Friday, May 25, 2012

Flannel Friday Song Cards-La Granja

Today I'm posting a Flannel Friday in the spirit with which Flannel Friday was originally conceived--As a way to keep new content on my blog when I don't have time to write any.

I made these song cards to help introduce a new song to my storytime repertoire, "La Granja." As you can see, the song is in Spanish (Thank you Captain Obvious).

Vengan a Ver mi Granja =  Come and See my Farm, and I should warn you, this song is a major earworm. BUT it's also delightful and worth learning. I generally do not use recorded music in storytime, but if you'd like to learn the song, I highly recommend Jos√©-Luis Orozco's version on De Colores

You have to do rooster; in Spanish roosters say "kikirikí"

Many kids, even in my homogeneous community, know the basic names of some animals in Spanish. However, this song relies on the diminutive ito/ita endings. For those of you who don't speak Spanish, adding ito/ita to a word basically means you're describing it as cute, little, or dear.

I wanted to make sure that kids and parents didn't get confused--if they knew that duck was "pato"  then why were we singing "patito?" I used clipart from with Microsoft Word to find the animals, and I tried to use animals that were all the same style of illustration so they would look like they went together. I had a hard time finding a font that used the correct type of lowercase 'a' but I really like this one. Unfortunately I can't remember what it is and on my Mac at home--I'll update later.

With these song cards, we identify the animals in both English and Spanish, then talk about the ito/ita endings.  We practice the words before starting the song (hello print awareness) and everyone is much more engaged than they would be if we just started singing. Once this song is familiar enough to my audience, I will probably start doing it with puppets, most likely using my barn prop.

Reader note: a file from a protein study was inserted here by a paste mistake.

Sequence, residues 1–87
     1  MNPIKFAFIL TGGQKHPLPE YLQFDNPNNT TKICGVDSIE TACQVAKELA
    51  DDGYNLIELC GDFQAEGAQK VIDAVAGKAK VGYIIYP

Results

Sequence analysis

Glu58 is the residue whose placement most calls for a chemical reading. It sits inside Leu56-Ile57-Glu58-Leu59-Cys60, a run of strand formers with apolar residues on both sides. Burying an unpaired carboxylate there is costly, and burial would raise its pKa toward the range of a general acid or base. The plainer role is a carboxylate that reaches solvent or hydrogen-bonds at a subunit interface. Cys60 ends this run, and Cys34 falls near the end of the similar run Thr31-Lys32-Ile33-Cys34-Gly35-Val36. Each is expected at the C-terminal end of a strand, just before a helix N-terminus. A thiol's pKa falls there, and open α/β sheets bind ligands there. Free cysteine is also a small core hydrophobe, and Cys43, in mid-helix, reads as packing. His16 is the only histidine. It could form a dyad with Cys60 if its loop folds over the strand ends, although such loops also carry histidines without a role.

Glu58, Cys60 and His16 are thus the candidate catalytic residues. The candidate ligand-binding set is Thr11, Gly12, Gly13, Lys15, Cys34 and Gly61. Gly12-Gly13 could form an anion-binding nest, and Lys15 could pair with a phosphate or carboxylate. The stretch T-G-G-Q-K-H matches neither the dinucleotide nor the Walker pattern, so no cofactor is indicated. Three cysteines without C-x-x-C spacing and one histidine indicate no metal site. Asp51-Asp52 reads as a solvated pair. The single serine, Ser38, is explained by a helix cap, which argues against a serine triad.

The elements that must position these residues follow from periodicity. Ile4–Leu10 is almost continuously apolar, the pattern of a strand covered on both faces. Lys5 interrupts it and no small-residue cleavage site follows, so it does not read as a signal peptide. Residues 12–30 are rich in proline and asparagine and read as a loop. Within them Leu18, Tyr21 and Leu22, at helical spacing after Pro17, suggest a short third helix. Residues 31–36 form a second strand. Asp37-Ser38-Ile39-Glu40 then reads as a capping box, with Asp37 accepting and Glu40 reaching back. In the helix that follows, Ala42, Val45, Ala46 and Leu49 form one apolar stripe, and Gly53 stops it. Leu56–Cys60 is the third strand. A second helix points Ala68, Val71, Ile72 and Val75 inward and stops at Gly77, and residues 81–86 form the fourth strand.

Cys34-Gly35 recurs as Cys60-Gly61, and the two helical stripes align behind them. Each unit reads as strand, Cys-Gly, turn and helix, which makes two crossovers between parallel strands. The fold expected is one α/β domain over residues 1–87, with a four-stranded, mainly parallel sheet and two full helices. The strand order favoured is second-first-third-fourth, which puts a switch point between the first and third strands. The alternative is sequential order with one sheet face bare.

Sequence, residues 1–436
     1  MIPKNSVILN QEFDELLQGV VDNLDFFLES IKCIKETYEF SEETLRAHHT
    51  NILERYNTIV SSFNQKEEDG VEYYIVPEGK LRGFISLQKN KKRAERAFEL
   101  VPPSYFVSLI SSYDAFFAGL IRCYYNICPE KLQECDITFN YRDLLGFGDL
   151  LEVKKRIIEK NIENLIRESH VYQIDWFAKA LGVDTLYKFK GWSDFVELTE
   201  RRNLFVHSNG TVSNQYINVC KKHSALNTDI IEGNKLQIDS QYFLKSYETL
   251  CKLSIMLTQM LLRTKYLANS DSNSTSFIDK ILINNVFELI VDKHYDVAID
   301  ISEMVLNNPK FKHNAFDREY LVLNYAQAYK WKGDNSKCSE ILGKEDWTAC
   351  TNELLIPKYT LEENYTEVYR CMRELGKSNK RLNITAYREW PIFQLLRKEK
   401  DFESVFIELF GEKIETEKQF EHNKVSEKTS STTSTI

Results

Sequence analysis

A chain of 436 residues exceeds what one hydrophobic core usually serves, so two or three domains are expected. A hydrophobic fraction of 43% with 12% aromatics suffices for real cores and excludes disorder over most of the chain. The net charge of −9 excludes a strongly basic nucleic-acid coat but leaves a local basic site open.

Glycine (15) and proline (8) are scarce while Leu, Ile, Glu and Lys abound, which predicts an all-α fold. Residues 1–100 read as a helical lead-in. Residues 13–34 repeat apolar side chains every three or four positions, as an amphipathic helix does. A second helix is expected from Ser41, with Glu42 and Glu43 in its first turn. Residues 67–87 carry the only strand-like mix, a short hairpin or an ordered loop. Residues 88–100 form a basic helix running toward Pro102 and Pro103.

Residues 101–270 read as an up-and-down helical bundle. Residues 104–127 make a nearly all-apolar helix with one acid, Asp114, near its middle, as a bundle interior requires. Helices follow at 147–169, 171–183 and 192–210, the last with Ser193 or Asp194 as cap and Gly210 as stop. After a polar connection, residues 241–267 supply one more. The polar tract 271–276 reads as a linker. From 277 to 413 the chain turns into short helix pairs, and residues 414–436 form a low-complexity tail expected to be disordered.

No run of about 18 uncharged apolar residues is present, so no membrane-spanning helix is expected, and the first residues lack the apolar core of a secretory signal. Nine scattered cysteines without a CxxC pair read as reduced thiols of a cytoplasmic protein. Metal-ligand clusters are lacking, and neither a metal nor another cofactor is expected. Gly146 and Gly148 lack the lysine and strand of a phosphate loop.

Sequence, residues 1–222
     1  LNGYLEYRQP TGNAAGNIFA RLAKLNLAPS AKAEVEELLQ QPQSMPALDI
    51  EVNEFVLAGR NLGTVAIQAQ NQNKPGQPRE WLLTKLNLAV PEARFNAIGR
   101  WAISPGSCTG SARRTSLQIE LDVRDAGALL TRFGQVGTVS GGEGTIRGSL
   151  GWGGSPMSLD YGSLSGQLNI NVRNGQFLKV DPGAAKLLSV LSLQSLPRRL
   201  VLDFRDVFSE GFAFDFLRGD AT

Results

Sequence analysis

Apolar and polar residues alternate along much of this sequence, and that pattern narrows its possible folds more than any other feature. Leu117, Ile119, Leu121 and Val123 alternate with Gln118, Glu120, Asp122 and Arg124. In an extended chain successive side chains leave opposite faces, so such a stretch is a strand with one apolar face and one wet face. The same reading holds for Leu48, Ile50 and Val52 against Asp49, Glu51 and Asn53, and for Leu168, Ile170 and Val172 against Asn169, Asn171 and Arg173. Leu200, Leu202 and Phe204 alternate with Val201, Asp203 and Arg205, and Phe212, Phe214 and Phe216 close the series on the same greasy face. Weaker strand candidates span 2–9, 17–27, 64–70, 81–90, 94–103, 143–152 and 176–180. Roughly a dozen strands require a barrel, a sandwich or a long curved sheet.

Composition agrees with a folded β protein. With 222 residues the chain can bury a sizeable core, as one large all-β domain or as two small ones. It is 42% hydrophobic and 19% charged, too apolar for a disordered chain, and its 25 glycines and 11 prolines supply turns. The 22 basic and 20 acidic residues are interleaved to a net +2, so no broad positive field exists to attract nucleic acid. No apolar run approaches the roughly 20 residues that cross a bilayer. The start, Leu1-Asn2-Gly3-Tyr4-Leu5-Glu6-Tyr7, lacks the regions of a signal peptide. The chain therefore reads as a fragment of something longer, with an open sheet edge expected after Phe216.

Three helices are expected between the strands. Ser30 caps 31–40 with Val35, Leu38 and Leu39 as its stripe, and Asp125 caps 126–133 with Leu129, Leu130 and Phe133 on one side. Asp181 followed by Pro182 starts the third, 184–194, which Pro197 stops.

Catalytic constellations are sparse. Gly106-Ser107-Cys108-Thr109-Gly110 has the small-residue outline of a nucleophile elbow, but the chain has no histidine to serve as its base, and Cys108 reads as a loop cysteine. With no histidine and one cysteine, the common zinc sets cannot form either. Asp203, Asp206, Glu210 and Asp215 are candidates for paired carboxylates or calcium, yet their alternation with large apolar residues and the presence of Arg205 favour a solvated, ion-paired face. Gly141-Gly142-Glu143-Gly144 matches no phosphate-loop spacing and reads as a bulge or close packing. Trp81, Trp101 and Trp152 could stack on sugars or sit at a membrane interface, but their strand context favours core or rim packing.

Here is a great resource for translations of what sounds animals make in Spanish--which is a really fun discussion to have during storytime!

This song translates pretty well to English too, so if you'd like to learn the song both in English and Spanish I'd be happy to share my translation.  Enjoy!

posted from Bloggeroid


  1. Oh this is so PERFECT! I'm screwing up my couraje to integrate more Spanish into my storytimes.

  2. Anna,

    This is awesome! Thank you so much for sharing!

    When I first saw the pig card, my first thought was, "I wonder how she handles the word endings?" You did a great job of explaining that in your post. I am sure your families really appreciate how you present this song. :o)

    I look forward to using this song in one of my programs soon. I also would love to have you link up your post to my Farm ABC'S Blog Hop! I think lots of teachers and parents could benefit from your idea. Let me know if you are interested in linking up and need any assistance, okay?

    Take care!

    Oh, btw, I would love a copy of your translation. My email is storytimeabcs(at)gmail(dot)com
    Thank you again!

  3. I would love your translation. I am a childrens librarian in a largely hispanic community and incorporate Spanish books and songs into each storytime.I want our Spanish community to feel that the Englewood library is an inclusive space. Here is my email


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